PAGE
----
The tendency in the Tory party is to attack Labour councils, as the Prime Minister did today. We must accept, however, that Labour local authorities are doing something right, because in 1979 there were 243 Tory councils, and now the number is down to 13. Something must have gone wrong, because there used to be 12,000 Tory councillors, but that number has now been reduced to 5,000. I assume that the electorate did not like Tory party policy whether at national Government level or at local level.

We are concerned about expenditure on health, schools and crime prevention. This is a Budget where one pays more and gets less. That is how it is with Tories—we cannot trust them on tax.

As my hon. Friend the Member for Norwich, South (Mr. Garrett) pointed out, the mark of 17 years of Tory government has been the growing poverty gap. One in five non-pensioner households are without a wage earner. More than 4 million children live in households earning below half the average income—three times more than in 1979. In real terms, income for the poorest 10th of the population has fallen by 13 per cent., whereas the income of the richest 10 per cent. has increased by 60 per cent. We have not heard about that record from the Government.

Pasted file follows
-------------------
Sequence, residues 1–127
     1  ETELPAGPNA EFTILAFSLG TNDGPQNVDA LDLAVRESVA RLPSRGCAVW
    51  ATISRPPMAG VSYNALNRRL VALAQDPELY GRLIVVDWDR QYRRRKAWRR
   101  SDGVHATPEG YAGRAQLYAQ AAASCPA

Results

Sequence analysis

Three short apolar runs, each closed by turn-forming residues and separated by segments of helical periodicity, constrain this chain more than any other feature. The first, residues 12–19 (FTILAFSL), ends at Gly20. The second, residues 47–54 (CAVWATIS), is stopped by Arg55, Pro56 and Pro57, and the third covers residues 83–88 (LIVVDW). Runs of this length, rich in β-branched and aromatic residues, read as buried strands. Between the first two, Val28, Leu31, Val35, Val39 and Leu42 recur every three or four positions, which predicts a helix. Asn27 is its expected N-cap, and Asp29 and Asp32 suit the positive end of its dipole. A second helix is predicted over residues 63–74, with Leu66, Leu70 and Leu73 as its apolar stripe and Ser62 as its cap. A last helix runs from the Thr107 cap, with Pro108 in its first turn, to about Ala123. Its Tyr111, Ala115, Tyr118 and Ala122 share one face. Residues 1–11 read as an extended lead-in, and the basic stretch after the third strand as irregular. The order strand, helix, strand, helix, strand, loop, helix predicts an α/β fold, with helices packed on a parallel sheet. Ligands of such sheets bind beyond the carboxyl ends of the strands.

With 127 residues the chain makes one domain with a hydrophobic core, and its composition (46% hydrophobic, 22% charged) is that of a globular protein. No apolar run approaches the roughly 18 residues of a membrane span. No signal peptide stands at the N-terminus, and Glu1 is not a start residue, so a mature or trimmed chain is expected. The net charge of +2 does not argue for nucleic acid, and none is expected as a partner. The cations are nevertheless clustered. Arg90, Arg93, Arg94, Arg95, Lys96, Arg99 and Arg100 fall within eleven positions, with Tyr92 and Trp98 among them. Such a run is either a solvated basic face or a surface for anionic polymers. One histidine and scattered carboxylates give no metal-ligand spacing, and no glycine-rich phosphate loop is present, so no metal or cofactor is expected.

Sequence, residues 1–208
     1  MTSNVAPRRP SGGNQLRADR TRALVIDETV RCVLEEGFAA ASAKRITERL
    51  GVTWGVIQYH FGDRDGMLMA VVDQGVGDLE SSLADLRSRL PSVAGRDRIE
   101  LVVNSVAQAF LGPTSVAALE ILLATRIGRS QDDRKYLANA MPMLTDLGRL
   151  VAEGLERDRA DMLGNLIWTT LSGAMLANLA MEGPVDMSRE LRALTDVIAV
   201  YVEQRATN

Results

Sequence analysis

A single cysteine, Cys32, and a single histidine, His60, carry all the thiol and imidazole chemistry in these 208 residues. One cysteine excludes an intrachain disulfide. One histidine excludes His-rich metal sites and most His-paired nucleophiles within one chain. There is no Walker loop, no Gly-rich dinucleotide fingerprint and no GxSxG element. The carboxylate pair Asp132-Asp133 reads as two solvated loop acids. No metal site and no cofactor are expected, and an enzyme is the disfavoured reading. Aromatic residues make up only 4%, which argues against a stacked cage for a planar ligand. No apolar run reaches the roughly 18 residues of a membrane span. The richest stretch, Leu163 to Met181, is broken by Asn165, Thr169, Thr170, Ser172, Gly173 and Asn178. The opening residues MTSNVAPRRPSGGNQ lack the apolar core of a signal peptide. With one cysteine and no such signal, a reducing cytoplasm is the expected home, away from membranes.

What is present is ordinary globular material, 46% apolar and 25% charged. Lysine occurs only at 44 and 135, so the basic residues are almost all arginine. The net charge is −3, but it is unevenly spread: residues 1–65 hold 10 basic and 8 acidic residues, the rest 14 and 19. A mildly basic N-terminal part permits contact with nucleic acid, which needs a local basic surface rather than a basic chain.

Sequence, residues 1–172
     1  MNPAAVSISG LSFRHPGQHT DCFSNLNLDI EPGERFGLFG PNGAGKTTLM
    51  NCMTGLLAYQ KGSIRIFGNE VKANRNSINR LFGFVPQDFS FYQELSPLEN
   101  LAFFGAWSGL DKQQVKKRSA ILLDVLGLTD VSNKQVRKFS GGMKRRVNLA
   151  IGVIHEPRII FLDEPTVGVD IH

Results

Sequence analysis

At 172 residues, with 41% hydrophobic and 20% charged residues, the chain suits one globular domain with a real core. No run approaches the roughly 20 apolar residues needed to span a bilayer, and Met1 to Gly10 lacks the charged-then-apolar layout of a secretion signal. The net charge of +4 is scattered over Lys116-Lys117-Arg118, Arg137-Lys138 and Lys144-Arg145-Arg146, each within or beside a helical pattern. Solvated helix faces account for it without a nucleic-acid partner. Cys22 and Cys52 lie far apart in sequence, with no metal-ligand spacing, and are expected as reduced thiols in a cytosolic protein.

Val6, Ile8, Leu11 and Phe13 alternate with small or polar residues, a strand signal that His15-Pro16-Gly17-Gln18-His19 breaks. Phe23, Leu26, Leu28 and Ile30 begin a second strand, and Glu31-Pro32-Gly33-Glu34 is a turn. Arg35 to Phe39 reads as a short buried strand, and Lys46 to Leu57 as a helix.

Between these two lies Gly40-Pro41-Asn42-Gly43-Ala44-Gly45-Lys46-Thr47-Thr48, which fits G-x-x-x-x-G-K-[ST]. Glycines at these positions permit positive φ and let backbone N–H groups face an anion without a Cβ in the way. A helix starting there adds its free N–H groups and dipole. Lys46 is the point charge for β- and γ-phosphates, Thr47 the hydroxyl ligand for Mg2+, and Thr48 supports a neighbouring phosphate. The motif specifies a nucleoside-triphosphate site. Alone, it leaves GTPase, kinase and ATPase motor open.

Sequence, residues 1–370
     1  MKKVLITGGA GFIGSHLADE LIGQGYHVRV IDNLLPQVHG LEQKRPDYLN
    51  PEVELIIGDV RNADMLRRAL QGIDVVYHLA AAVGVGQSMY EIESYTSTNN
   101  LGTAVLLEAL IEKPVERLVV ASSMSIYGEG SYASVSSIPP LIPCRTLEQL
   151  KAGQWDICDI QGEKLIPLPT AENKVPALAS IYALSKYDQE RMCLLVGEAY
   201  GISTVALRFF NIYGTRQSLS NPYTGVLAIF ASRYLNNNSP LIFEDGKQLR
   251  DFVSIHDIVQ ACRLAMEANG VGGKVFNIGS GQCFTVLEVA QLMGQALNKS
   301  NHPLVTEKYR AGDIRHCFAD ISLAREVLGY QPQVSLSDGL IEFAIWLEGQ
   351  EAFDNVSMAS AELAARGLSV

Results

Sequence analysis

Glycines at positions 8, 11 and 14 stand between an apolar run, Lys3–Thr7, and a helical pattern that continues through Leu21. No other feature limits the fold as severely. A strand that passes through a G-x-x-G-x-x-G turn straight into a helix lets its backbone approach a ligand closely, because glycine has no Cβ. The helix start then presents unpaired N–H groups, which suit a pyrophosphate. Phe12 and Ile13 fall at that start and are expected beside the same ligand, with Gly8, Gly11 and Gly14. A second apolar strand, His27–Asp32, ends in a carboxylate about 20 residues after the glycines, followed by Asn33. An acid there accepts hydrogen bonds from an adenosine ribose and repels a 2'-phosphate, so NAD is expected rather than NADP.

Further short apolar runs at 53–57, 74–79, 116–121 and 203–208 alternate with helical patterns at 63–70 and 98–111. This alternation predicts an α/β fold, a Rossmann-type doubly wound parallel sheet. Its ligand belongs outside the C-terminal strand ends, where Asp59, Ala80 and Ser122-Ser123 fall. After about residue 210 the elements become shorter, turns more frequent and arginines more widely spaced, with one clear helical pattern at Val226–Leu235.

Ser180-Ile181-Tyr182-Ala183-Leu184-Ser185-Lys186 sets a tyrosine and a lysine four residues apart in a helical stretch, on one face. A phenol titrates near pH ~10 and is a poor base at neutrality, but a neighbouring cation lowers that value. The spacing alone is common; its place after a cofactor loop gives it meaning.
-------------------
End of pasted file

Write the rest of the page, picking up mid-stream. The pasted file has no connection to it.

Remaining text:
Several hon. Members


Mr. Prescott

No, I will not give way, because other Members want to speak.